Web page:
As part of the upcoming VU master course Knowledge, Rationality, and Society I shall give four lectures on 'paradigms of rationality'. During these lectures we ask what it means to say that something is reasonable. The aim is to explicate what rationality is and under what conditions something may be considered rational. Different models for understanding the concept of rationality will be distinguished. Examples include formal evidentialism, social evidentialism, and presumptionism. We discuss what consequences these models have for central areas of human life: science, religion and everyday life. Our discussion includes an overview of the accounts of rationality developed by philosophers such as T. Kuhn, A. MacIntyre, D. Z. Phillips, and A. Plantinga, among others. Drop me an email if you are interested in joining (one or more of) these lectures.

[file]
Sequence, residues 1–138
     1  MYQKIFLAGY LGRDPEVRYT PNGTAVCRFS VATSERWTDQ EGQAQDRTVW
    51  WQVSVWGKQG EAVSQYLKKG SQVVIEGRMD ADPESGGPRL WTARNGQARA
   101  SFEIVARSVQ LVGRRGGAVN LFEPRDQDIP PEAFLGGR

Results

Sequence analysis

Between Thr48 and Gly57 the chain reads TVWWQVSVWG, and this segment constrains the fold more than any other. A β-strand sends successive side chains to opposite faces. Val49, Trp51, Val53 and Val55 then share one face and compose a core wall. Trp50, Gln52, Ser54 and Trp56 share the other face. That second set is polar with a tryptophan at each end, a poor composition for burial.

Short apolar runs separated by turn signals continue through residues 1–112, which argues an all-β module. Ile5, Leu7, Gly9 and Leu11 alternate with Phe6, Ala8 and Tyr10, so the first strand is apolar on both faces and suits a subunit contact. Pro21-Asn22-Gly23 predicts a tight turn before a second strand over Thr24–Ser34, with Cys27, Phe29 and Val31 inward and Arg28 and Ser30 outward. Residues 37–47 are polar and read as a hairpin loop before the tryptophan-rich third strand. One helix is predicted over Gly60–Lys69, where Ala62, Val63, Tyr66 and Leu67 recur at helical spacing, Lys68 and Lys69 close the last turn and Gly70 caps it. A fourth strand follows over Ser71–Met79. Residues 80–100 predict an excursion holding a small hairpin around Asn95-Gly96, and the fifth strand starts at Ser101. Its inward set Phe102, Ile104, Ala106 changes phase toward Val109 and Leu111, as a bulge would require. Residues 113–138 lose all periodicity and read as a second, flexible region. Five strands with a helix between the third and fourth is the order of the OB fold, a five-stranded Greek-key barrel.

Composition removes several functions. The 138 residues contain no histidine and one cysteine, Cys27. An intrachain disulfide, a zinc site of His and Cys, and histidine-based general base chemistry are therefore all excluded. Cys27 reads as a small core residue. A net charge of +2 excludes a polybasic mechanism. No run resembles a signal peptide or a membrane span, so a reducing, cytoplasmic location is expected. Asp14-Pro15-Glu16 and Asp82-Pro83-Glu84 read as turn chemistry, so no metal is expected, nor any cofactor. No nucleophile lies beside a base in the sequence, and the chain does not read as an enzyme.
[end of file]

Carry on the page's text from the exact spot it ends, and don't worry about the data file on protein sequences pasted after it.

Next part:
Session 1 (25/11): The nature of rationality - Science and Formal Evidentialism
Session 2 (27/11): The Scientific and the Evidentialist Challenge to Religious Belief - The Practice Oriented View of Science
Session 3 (2/12): Social Evidentialism - Social Evidentialism and Religious Belief - Presumptionism
Session 4 (4/12): The Nature and Function of Religious Belief - Religious Rationality
- Mikael Stenmark, 'Rationality in Science, Religion and Everyday life' (Indiana: University of Notre Dame Press, 1995)